The mitochondrial pyruvate dehydrogenase complex (PDC) is a key enzyme in metabolism but also has a newly recognized functional role in the nucleus of mammalian cells. Sutendra and colleagues have discovered that PDC translocates from the mitochondria to the nucleus in a cell-cycle-dependent manner and in response to serum, epidermal growth factor, or mitochondrial stress. Inhibition of nuclear PDC decreased acetylation of specific lysine residues on histones important for G1-S phase progression and expression of S phase markers.
In summary, DNA transcription, replication, and repair are regulated by histone acetylation, a process that requires the generation of acetyl-coenzyme A (CoA) that is provided by dynamic translocation of mitochondrial PDC to the nucleus.
Posted by Nicola Brunetti-Pierri, MD
Samocha et al. A framework for the interpretation of de novo mutation in human disease. Nat Genet. 2014 Aug 3.
Samocha et al describe a sophisticated statistical model designed to better evaluate data derived from mass exome sequencing studies, specifically with respect to the significance of excesses of de novo mutations in diseases with significant locus heterogeneity such as autism spectrum disorders. They derive the predicted number of de novo mutations for a given gene by combining several parametres such as gene length, sequence context, depth of coverage during sequencing, and regional divergence around the gene between humans and macaques. This allows a comparison between expected and observed de novo mutations for groups of affected and unaffected individuals, which yields a more powerful analysis than direct comparison between groups. Likewise, the model allows the identification of groups of genes that, in normal subjects, exhibit less de novo functional variation than expected, implying a selective pressure against loss of function (“constrained genes”).
The authors then apply this framework to the study of autism spectrum disorders. They find that there is no global excess of de novo functional mutation in ASD subjects, but rather an excess of genes with more than one de novo functional mutation, as well as an excess of de novo mutations in “constrained” genes, as well as in genes that are the targets of FMRP. Surprisingly, these observations were not true of ASD subjects with IQ above 100, suggesting that the genetic underpinnings of ASD are different in this subgroup.
The analysis of exome data for multifactorial diseases exhibiting significant locus heterogeneity requires different, and more complex, bioinformatic tools than for monogenic disorders. This study is an example of the value of developing and perfecting them.
Leduc V et al. HMGCR is a genetic modifier for risk, age of onset and MCI conversion to Alzheimer’s disease in a three cohorts study. Mol Psychiatry. 2014 Jul 15
Leduc et al report a new genetic modulator of the risk for sporadic Alzheimer’s disease (AD) occurrence, as well as the risk of conversion from mild cognitive impairment to full-blown AD. HMGCR encodes 3-hydroxy-3-methylglutaryl-CoA reductase, the rate-limiting enzyme in cholesterol synthesis and the molecular target of statins. The authors find that G negative (AA) status in the HMGCR rs3846662, an intronic polymorphism involved in exon 13 skipping, is protective with respect to the risk of acquiring AD, the age of onset, and the risk of conversion of mild cognitive impairment to AD, specifically in women.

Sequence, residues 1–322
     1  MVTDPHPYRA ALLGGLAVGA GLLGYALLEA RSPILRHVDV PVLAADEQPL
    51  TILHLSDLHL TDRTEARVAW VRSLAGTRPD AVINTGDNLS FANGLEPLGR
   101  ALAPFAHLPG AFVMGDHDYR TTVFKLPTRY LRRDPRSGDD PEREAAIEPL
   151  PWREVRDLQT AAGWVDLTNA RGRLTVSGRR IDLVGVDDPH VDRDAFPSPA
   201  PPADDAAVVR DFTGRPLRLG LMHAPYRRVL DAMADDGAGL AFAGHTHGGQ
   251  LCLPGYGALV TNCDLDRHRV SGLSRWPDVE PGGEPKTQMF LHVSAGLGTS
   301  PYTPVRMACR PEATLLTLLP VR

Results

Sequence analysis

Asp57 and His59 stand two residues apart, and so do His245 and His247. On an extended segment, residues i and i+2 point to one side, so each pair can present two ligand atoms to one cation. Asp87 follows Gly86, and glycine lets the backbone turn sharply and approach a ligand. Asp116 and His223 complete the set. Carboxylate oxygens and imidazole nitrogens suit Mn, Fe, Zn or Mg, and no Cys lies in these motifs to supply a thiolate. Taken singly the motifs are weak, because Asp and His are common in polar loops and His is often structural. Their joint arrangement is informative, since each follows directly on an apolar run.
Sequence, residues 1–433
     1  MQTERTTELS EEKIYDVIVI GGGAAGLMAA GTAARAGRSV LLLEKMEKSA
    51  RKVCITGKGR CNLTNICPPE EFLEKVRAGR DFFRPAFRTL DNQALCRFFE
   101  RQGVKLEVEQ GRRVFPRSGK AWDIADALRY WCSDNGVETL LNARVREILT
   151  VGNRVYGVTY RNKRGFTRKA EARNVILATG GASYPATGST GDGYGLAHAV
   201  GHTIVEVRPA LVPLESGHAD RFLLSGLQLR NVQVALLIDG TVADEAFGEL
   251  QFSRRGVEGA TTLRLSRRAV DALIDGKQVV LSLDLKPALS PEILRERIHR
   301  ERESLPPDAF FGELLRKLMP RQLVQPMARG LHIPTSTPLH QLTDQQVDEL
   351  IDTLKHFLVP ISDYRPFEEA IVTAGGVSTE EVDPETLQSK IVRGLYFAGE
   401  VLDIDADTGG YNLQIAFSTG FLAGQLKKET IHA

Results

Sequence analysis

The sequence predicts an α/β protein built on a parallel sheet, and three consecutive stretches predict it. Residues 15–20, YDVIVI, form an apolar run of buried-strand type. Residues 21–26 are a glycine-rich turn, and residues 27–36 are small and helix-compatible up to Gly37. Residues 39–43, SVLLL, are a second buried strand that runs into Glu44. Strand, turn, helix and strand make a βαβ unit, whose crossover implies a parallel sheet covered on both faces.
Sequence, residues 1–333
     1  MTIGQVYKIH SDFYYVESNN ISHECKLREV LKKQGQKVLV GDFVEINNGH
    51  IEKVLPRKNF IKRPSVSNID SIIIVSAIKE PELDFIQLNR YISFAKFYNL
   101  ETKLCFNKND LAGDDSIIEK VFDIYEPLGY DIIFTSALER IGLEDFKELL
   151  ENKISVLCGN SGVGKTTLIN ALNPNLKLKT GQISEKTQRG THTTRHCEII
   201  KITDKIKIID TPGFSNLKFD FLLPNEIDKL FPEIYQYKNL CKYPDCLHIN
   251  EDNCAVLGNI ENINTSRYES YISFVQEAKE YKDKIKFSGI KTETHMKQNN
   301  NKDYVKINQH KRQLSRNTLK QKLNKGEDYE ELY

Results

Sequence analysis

The methodology is interesting (particularly for those of us with a Montreal connection) in that the authors first identified this association in the more homogeneous French Canadian population, and then found that it could be generalised to two different mixed North American populations.
This study joins the body of evidence suggesting that lipid and cholesterol metabolism is crucial to the pathophysiology of Alzheimer’s disease. However, whether the protective effect identified is mediated by alterations in cerebral cholesterol metabolism directly or by better vascular health remains to be determined.
Giugliani R. Natural history and galsulfase treatment in mucopolysaccharidosis VI (MPS VI, Maroteaux-Lamy syndrome)-10-year follow-up of patients who previously participated in an MPS VI survey study. Am J Med Genet A. 2014 Aug;164(8):1953-64.
Giugliani et el evaluate the long-term effects of enzyme replacement therapy in Maroteaux-Lamy syndrome (MPS VI) by conducting a resurvey of the 121 patients first evaluated in a cross-sectional study in 2001-2002. With a ten-year follow-up period, this is the longest longitudinal study of treated MPS VI patients to be performed to date. They were able to obtain information on survival for almost all patients (117), but clinical assessments and medical histories for less than half (59). The authors find that the ERT-treated group had longer survival, improved pulmonary function and endurance, and stabilised cardiac function.
Although the absence of randomisation and the small size of the ERT-naive group (14 patients in total, with medical histories and clinical assessments available for only 4) may introduce a selection bias, the study offers strong evidence for the long-term benefits of ERT for patients with Maroteaux-Lamy syndrome. It is possible that even better outcomes could be achieved with earlier initiation of therapy.
Flanagan SE et al. Activating germline mutations in STAT3 cause early-onset multi-organ autoimmune disease.Nat Genet. 2014 Aug;46(8):812-4.
Monogenic autoimmunity syndromes are a rare cause of very early-onset multiple autoimmune manifestations. Flanagan et al report a new monogenic early-onset polyautoimmunity syndrome caused by activating STAT3 mutations. They initially used exome sequencing to identify an activating de novo germline STAT3 mutation in a patient presenting with extremely early-onset type 1 diabetes mellitus (2 weeks), hypothyroidism (3 years), and celiac disease (17 months); they then went on to identify four more patients with de novo STAT3 mutations by screening a cohort of patients with more than two early-onset autoimmune disorders and 39 patients with unexplained onset of permanent diabetes mellitus before 6 months. Other manifestations included autoimmune enteropathy and interstitial lung disease, juvenile-onset arthritis, hypothyroidism, eczema, and short stature.